Hyundai Heavy Industries (HHI) has received an approval in principle (AiP) certificate from Classification society DNV GL for its SkyBench concept for mega box ships.

The SkyBench concept is designed to increase the cargo capacity of large container vessels by constructing the bridge and upper three decks as a separate sliding block, mounted on rails, and with the option to move it over the length of two 40ft container bays.

DNV GL Maritime CEO Tor Svensen said: "The SkyBench shows how the industry’s increased focus on efficiency and maximising transport capacity has really sparked innovation in design and operation.

"Additionally, the potential of this design to offset reduced cargo capacity when choosing LNG as ship fuel means that HHI can offer a design tailored to meet stricter sulphur emission limits in the future."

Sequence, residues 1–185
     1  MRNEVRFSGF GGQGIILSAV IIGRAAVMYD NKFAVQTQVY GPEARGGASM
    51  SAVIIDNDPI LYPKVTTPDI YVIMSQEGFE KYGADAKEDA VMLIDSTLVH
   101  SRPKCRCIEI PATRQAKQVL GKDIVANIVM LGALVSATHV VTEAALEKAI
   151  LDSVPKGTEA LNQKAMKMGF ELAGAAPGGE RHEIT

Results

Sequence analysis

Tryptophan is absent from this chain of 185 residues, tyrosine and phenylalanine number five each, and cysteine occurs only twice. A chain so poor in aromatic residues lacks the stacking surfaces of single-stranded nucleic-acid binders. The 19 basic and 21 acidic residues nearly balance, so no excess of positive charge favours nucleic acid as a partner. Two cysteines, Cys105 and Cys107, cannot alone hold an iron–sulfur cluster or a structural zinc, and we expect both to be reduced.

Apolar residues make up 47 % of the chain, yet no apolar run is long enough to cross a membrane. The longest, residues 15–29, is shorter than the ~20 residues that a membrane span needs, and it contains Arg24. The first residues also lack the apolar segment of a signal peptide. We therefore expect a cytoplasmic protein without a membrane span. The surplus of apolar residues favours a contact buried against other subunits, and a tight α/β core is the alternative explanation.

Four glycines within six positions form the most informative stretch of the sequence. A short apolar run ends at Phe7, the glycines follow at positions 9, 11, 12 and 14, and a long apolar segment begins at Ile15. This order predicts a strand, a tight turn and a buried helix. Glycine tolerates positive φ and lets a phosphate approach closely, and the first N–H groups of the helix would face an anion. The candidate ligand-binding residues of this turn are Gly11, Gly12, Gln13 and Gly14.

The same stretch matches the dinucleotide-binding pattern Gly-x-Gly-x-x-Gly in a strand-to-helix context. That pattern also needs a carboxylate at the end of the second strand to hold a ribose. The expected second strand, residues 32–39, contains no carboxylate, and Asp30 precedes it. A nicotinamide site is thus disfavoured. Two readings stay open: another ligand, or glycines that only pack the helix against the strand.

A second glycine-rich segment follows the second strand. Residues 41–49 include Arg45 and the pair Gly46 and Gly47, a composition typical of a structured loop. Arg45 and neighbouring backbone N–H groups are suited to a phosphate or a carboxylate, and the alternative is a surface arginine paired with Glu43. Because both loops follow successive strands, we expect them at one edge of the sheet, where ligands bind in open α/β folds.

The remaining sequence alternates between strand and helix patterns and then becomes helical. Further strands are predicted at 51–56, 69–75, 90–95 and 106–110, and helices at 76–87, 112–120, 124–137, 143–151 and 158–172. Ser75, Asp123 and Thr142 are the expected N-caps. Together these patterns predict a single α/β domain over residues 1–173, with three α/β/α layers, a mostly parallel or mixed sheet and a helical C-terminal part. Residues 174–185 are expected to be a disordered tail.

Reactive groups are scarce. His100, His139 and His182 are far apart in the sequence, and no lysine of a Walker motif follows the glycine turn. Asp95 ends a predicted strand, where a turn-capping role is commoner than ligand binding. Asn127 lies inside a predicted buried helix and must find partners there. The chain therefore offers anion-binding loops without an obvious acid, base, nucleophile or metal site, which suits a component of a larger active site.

"The potential of this design to offset reduced cargo capacity…means that HHI can offer a design tailored to meet stricter sulphur emission limits."

The new design is expected to provide two extra 20ft container bays by resizing and relocating fuel tanks, and using void spaces under the accommodation block.

With this change, the increased cargo amounts to 270TEU on a 17-row-wide, 10,000TEU ship; 450TEU on a 23-row-wide 19,000TEU ship; and 350TEU on a 20-row-wide 14,000TEU vessel.

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Meanwhile, DNV GL has partnered with the Research Council of Norway, Kongsberg Maritime and Maritime Robotics for a new project that will study collision avoidance for advanced ships.

Led by the Department of Engineering Cybernetics at the Norwegian University of Science and Technology (NTNU), this AUTOSEA project will focus on automated situation awareness using sensor fusion to minimise collision risks when introducing increased levels of autonomy.

Image: DNV GL – Maritime CEO Tor E Svensen and HHI shipbuilding division senior executive vice-president and COO Yoon Moon-kyoon. Photo: courtesy of DNV GL AS.